Friday, September 18, 2009

We Gave Our Today For Your To-Morrow

Brigid, our 14 year old, Bella, and I spent two hours on a local bus to Kanchanaburi today, to the North West of Bangkok, to visit the site of the famous River Kwai bridge, as mythologized, not altogether accurately in the 1957 movie.

For all the tackiness of the surroundings of the actual bridge, which sits amongst countless souvenir stalls, people with very sad looking tigers and leopards (100 Baht to sit next to them for a photo, poor bloody things), it is something humbling to see. The most bizarre part of it was a young, quite clearly Japanese, girl, selling "Death Railway" postcards. Odd.

In the centre of the town sits Kanchanaburi Cemetery, where many, just under 7,000, of those who died on the Death Railway are interred (or at least the Commonwealth dead...the graves of some 270,000 Asian forced labourers are mostly unknown).

And you wonder again, despite everything you have read and seen on screen and paper, when confronted with the awful reality of it all, about the horror and pointlessness of what humans, mostly men, do to each other, century after century.

Nothing I could write here could express more than the images below, and most especially some of the very sad and poignant messages from home on the grave markers:






















Monday, September 14, 2009

She ought to think twice / She ought to do right by me

Gosh....Beatles demolish UK albums. The number one album, from dear old Dame Vera Lynn, bless...only managed 32,000

As 16 of the albums made the Top 75, Elvis Presley’s record of 14 simultaneous Top 75 albums, established in September 1978 a couple of weeks after his death, is eclipsed. It is certain that the impact of individual Beatles remasters was adversely affected by the release of the stereo and mono boxed sets, which pass into history as the most expensive chart entries ever. OCC recorded nearly 127,000 Beatles album sales last week, a tally which swells to more than 270,000 if the albums in the boxed sets are counted individually.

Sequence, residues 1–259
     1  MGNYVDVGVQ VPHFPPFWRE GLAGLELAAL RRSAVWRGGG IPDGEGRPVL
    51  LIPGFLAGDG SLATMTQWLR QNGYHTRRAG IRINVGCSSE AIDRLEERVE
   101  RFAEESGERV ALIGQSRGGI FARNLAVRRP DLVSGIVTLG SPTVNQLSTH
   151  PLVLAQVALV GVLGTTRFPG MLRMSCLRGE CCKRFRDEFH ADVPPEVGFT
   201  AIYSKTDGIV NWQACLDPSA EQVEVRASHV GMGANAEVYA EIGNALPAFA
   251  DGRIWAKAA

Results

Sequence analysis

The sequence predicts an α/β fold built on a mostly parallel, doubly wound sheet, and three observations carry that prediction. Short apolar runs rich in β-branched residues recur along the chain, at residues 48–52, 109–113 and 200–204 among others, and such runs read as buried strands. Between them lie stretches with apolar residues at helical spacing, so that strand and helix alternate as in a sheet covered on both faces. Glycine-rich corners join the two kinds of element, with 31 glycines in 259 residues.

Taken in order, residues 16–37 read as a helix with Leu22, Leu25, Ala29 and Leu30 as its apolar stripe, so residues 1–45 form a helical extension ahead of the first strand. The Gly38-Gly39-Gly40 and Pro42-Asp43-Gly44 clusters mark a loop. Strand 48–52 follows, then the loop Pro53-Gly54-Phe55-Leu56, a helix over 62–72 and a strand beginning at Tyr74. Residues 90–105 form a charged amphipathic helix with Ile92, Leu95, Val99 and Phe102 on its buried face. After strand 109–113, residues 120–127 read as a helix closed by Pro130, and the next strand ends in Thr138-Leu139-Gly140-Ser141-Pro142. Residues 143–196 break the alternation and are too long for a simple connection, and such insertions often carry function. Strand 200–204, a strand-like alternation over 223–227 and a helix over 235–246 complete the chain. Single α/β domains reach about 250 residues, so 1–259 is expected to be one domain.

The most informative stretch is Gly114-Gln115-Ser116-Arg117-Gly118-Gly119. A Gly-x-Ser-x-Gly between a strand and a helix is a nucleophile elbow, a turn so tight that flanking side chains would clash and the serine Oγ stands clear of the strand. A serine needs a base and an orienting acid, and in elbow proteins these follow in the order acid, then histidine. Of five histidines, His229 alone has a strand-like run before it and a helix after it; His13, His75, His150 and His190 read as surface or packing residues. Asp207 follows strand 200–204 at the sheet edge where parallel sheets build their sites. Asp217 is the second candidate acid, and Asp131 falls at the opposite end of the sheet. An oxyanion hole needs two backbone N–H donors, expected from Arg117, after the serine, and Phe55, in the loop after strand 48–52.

[From Music Week]

One child grows up to be / somebody that just loves to learn

We were down in Jalan Dhyana Pura, or as the ockers say 'drink street' (doncha love them..where would be without suburban Australia lowering the level of just about everything they see or touch to the base: eat, drink, fart and drink more. Oh, and of course, watch ball sports and yell inane things at people on screens who can't possibly hear them).

Sadly, it's been of the curses of this gilded isle (but where would the tourist barons been without them to fill the bars and clubs of Kuta and Tuban). And I have to agree with this blogger, who, I guess, is talking of his fellow countrymen, or maybe not. But either way, the Bintang singleted (often, even more gruesomely not wearing it, but carrying it in hand, as they sway their ample hanging gut for all to enjoy), and swilling, tattooed, loud, fat Australian male is one of the more offensive sights you can see here.

And you see lots of them. Lots. With their just as offensive young, just pubescent, ockers in training following them loudly down the street, in the same uniform, carrying the same beer.

The first family

So, down at Dhyana Pura we were. We, Brigid and I, were at Antique, one of Bali's better restaurants (and happily just edgy enough to keep out the swilling masses).